Posted in Being human

Maple Syrple

Roses are red, violets are purple
Sugar is sweet and so’s maple syrple

Roger Miller

That quote will never not be hilarious to me.

THIS MATTERS.

A pot of violets an da bottle of maple syrple.

Little things matter.

Little things people consider frivolous matter.

Sometimes they matter more than most things.

They’re part of the humanity that I get denied every day.

Just being allowed to care about shit like this.

Being allowed to have little things like this.

You only notice when people start trying to take it away.

Trying to make it sound like it’s not important to have things like this in your life.

Sometimes they do crap like decide this is all your life can be, and that’s all kinds of fucked up.

But other times they act like you can’t have this.

Like you can’t or shouldn’t care about things like this.

Especially when you’ve got lots of serious shit going on.

People act like you should be super-serious all the time.

And only care about certain things.

And care about whatever the hell they think you should care about.

And so you hold onto shit like this.

Which is why it pisses me off even when people say that people shouldn’t post their dinner on social media.

Maybe their dinner matters.

It’s actually little things ike this that make up everyone’s life.

Little bits of the world.

They matter.

Noticing them matters.

Living them matters.

Life without them, especially forced life without them, doesn’t work well.

People need things like this. Different people need different things. But everyone’s got things.

I’ve loved the maple syrple line my whole life. Not stopping now.

When people share things like this with each other it’s being social about little things we care about.

And people who like to do that like to do that, and that’s fine.

And people who like to keep it private, that’s also fine.

It’s just, there’s all kinds of ways to deny someone’s humanity.

And denying people these little weird bits of life, it doesn’t sound like much, but it does deny part of your humanity.

And it has a bigger impact than you’d think.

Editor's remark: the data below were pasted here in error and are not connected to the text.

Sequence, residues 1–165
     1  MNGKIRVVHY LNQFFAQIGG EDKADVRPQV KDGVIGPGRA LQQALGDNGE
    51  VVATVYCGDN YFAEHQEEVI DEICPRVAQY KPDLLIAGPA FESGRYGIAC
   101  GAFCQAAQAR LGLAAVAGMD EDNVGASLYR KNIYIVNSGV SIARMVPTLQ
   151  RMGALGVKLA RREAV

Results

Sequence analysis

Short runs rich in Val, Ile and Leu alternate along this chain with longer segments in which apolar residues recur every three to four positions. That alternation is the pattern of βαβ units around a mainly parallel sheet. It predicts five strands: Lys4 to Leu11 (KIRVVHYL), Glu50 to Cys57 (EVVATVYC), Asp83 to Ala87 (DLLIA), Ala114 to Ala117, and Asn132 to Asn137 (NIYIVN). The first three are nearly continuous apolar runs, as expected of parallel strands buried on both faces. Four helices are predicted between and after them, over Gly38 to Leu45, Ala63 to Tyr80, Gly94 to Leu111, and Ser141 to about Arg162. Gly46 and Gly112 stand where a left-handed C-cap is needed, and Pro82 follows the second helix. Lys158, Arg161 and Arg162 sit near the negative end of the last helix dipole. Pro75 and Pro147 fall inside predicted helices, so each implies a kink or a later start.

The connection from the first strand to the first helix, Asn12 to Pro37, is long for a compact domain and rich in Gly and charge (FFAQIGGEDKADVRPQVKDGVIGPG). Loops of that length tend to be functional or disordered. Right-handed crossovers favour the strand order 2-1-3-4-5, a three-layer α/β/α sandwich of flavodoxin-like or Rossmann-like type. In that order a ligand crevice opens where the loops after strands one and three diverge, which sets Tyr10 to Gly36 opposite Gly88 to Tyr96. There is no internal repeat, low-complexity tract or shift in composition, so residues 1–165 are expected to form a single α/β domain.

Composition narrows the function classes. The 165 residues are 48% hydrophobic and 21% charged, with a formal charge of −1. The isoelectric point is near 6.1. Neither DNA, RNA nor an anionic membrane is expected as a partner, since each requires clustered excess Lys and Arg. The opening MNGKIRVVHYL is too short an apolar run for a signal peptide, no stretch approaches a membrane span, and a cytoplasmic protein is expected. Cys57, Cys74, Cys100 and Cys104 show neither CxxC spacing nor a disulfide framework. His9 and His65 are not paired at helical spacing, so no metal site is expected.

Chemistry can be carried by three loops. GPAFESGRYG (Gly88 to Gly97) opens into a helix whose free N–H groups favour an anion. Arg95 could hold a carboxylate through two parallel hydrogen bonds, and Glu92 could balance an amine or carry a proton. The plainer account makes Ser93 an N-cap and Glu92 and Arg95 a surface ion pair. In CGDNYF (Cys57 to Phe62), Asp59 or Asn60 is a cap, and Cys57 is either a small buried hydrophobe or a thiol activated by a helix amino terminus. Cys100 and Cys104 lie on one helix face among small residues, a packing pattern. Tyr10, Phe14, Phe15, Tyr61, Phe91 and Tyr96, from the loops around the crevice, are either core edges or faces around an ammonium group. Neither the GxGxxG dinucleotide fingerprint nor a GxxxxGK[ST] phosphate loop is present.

So think twice before you make fun of people for posting things like this, or pooh-pooh it to people, or say that people who like things like this are stupid or something. You don’t know who you might be hurting, or how deeply.

People don’t understand what gets taken away from you.

And I don’t know how to explain.

All I can say is:

MAPLE SYRPLE MATTERS. PERIOD.

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Posted in Values & Ethics

Valour without renown.

Painting of Éowyn and Aragorn from Lord of the Rings.

“A time may come soon,” said he, “when none may return.  Then there will be need of valour without renown, for none shall remember the deeds that are done in the last defence of your homes.  Yet the deeds will not be less valiant because they are unpraised.”

J.R.R. Tolkien. The Lord of the Rings (p. 784). Harper Collins, Inc.. Kindle Edition.

I am taking this quote entirely out of context, because the words valour without renown have been floating around my head a lot in recent years without context, and finding their own context within the world I find myself living in.  So don’t expect literary analysis here, nor any take on these words other than my own.  Which is both larger and smaller in scope than the original context.

Valour without renown seems on the face of it to be talking about courage — possibly especially battle-courage — without outward recognition, without going down in history, possibly even without a history existing to go down in.  And that is one piece of it, one way it can happen.  In a broader sense you could talk about courage in general, without praise in general.

But there’s one thing that this keeps distilling itself down to for me, with diamond-like precision and clarity.

It’s doing what is the right thing to do without any reason or incentive other than it being the right thing to do. Not just courage, but any right thing.  Not just recognition, but any sort of outward motivation, or any expectation of reward of any kind.

This is both simpler and more complicated than it sounds.  The hardest thing you can do but from some perspectives, easier than many of the alternatives.  Easy to describe in three words, and impossible to describe even if you had infinite words.  Not contradictory at all, yet good at producing sentences like these ones when you try to approach it wielding language.1

It’s also one of the most important things any of us can learn right now.

Then there will be need of valour without renown… Yet the deeds will not be less valiant because they are unpraised.